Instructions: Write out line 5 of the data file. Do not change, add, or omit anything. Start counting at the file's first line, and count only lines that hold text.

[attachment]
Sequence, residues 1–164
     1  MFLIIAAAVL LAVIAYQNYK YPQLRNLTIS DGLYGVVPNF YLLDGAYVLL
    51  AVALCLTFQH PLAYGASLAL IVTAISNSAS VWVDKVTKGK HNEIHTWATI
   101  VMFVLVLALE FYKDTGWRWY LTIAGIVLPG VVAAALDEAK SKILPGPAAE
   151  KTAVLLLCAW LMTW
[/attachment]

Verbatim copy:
   151  KTAVLLLCAW LMTW